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Ebola Fears Sends Price Volatility Surging In... Chocolate

The world's candy-makers are worried. As Politico reports, Ivory Coast, the world’s largest producer of cacao, the raw ingredient in all your favorite candy, has shut down its borders with Liberia and Guinea, putting a major crimp on the workforce needed to pick the beans that end up in chocolate bars. While Ivory Coast (which produces around a third of the world's total cacao beans) has yet to see a single case of Ebola yet, the price of Cocoa futures has become extremely volatile in recent weeks breaking notably higher than its normal range between $2000 and $2700 pere ton. Simply put - and not wanting to spread panic and fear - Ebola is threatening much of the world's chocolate supply.

Cocoa prices are surging and volatile...

 

As Politico reports,

Ivory Coast, the world’s largest producer of cacao, the raw ingredient in M&M’s, Butterfingers and Snickers Bars, has shut down its borders with Liberia and Guinea, putting a major crimp on the workforce needed to pick the beans that end up in chocolate bars and other treats just as the harvest season begins. The West African nation of about 20 million — also known as Côte D’Ivoire — has yet to experience a single case of Ebola, but the outbreak already could raise prices.

 

 

Ivory Coast, which produces about 1.6 million metric tons of cacao beans per year — roughly 33 percent of the world’s total, according to data from the United Nations Food and Agriculture Organization — closed its borders in August to Guinea and Liberia. More than 8,000 have been diagnosed with Ebola, and nearly 4,000 have died in those two countries and Sierra Leone. Next to Ivory Coast is Ghana, the world’s third-largest producer of cacao beans — 879,348 metric tons per year — or 15 percent of the world’s total.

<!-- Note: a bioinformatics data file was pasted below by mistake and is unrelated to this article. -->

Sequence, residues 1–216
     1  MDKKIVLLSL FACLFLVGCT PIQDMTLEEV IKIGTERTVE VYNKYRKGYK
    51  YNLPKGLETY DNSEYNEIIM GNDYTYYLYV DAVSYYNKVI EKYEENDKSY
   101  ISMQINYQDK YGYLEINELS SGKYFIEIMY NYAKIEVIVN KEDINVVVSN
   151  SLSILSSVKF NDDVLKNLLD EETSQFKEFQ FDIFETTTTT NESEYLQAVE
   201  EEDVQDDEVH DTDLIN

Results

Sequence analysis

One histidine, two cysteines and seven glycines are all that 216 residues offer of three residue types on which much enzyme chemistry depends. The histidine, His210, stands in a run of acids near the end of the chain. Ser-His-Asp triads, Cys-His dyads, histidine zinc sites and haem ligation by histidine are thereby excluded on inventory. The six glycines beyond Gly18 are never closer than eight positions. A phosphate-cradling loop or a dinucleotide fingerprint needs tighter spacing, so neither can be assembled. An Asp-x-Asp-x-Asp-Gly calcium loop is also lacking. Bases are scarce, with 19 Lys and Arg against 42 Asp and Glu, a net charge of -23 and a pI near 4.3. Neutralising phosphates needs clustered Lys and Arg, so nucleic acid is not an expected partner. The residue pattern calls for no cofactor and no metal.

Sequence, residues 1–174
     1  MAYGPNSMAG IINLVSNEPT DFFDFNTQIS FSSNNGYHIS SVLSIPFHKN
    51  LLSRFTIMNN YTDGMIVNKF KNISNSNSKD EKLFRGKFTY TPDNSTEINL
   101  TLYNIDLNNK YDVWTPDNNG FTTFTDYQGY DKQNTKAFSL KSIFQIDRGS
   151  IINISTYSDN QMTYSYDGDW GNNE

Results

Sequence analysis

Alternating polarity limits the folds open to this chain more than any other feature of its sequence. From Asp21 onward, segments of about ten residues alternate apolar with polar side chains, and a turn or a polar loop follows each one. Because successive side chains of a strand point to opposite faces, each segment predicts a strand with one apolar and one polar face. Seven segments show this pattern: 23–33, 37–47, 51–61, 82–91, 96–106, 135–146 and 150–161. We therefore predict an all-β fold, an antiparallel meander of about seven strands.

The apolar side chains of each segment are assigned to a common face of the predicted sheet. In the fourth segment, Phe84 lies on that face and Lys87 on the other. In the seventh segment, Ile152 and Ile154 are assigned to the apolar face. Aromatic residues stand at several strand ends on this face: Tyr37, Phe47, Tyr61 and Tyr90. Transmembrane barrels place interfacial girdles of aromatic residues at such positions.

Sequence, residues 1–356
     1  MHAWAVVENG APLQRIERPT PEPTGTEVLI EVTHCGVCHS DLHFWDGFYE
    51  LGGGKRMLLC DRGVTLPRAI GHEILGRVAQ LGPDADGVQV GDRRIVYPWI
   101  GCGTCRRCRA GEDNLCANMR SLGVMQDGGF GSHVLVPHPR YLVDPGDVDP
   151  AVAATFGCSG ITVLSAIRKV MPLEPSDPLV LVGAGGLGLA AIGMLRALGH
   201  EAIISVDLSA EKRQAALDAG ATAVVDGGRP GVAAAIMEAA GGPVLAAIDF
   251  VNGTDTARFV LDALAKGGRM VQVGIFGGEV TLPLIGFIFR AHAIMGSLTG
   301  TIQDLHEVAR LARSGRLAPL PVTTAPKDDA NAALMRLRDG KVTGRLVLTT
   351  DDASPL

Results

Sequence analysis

Tim McCoy, a senior adviser for the WCF, said signs that Ivory Coast residents already are concerned were immediately obvious during his last trip to the country in September.

 

“Going into meetings where … you always shake hands and often times, with men and women, you do the cheek kiss thing … They weren’t doing that,” McCoy said.

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So while gas prices fall - providing consumers with modestly more money in their pockets - that other staple of daily life, the chocolate bar, is set to rise and eat through those savings...